What exactly is May Day?
Apr 29, 2019 02:00AM
Young people would wake on Beltane morning knowing that they could be paired with a mate by sundown! If their courtship continued, the wedding would occur six weeks later, on June’s Midsummer’s Day.
These same young people likely participated in the fertility rites of Beltane by dancing around a living tree to celebrate the fecundity of their community along with the livestock and crops they relied on. This tree later became the familiar May Day Maypole that children delight in now.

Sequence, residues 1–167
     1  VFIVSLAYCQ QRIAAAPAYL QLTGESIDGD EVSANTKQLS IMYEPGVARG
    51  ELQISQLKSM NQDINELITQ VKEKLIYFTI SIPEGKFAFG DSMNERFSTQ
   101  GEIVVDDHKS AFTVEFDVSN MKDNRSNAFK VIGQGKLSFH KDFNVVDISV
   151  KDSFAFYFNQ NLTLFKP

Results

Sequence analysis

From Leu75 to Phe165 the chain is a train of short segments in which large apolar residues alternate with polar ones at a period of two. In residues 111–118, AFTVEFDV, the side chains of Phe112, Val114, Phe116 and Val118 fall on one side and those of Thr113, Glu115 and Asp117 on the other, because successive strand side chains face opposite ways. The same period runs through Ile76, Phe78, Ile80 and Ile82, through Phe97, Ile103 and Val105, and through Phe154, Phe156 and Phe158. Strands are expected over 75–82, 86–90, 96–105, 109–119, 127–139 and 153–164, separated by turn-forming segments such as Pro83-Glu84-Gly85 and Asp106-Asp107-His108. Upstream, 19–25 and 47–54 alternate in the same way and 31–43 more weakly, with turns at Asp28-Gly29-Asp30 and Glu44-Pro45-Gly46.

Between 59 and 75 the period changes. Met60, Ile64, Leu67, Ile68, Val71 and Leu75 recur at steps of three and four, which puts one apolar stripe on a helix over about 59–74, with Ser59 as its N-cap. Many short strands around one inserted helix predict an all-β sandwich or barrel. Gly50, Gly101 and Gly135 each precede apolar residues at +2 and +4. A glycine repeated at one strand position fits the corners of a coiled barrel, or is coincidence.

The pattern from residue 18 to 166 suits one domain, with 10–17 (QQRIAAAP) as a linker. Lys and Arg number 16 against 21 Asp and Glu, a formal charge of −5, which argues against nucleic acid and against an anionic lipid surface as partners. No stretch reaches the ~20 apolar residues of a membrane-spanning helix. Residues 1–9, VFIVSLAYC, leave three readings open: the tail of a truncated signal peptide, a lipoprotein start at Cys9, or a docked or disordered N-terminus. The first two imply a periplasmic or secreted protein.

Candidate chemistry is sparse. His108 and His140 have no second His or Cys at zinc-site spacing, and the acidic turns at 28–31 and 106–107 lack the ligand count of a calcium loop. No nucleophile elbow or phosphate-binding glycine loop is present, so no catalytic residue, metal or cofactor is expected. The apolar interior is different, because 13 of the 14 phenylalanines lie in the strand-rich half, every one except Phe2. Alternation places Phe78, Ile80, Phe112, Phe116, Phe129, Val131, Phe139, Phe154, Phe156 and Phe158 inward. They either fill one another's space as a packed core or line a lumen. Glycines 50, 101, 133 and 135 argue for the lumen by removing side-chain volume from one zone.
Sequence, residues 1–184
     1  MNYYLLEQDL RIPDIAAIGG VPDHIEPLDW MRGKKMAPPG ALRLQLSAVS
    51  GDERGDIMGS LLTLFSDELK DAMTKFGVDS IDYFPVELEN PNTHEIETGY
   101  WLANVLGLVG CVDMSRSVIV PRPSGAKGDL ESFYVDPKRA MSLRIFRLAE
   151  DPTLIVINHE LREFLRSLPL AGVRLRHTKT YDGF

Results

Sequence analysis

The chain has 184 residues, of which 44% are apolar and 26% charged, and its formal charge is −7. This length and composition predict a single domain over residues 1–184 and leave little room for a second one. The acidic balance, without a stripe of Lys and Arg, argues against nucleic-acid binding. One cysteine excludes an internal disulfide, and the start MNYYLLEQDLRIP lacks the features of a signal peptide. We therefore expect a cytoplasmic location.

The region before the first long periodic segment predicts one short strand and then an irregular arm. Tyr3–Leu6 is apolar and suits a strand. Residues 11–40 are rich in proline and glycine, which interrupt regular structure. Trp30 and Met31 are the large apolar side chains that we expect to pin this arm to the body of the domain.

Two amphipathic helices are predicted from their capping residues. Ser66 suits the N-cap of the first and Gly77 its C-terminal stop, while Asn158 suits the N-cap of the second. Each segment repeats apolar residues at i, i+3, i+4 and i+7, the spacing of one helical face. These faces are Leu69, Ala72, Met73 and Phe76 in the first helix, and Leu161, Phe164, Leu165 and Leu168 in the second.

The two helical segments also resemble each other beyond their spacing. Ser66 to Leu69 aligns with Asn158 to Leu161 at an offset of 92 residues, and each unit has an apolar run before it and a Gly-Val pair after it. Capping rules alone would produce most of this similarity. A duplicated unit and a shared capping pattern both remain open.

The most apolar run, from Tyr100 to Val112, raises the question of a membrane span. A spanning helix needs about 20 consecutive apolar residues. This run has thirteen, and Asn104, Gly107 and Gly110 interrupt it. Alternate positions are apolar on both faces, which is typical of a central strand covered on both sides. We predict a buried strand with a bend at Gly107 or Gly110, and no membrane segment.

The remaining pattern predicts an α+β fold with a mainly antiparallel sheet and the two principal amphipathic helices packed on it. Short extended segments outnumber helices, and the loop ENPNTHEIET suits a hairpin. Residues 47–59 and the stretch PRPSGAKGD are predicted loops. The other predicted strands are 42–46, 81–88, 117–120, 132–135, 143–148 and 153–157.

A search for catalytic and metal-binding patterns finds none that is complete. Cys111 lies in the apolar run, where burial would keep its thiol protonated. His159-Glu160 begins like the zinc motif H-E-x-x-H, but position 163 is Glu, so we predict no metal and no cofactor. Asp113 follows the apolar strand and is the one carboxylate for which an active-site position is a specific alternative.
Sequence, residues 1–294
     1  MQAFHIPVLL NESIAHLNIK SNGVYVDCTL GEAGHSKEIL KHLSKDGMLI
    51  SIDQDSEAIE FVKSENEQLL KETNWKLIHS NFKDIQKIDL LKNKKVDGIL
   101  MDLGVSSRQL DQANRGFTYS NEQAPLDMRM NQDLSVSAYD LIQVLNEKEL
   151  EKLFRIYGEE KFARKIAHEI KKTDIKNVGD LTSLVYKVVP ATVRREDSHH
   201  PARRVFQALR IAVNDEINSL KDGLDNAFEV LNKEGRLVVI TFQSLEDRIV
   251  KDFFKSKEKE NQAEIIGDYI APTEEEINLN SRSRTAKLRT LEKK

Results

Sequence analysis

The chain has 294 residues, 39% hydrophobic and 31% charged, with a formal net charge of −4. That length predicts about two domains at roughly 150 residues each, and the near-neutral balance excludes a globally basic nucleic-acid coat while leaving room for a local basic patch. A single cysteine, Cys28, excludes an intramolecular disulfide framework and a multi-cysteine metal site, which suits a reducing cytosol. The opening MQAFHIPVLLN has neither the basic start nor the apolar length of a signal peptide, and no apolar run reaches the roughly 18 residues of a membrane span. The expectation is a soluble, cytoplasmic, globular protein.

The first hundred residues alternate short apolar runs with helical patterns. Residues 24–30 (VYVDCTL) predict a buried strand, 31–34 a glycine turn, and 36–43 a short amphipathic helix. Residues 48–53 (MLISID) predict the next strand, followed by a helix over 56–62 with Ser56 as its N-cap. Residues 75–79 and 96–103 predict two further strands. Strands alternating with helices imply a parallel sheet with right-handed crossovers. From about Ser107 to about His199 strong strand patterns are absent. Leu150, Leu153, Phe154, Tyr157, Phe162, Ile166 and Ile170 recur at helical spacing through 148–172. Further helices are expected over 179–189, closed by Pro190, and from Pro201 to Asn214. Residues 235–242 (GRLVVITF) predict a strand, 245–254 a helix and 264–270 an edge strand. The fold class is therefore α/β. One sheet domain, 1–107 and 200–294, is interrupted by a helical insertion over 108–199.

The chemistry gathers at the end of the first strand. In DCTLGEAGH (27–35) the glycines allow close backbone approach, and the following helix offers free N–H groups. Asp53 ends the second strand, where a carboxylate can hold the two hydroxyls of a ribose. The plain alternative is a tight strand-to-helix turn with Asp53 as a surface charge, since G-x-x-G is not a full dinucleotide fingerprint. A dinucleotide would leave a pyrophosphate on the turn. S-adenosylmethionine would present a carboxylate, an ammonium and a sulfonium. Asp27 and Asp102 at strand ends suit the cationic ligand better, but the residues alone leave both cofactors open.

Occasionally, over the centuries, the Maypole was banned because of its pagan origins and the bawdy revelry that it sometimes inspired. But it kept reappearing and, over time, the spring dances and festivals associated with it became more accepted, and even anticipated.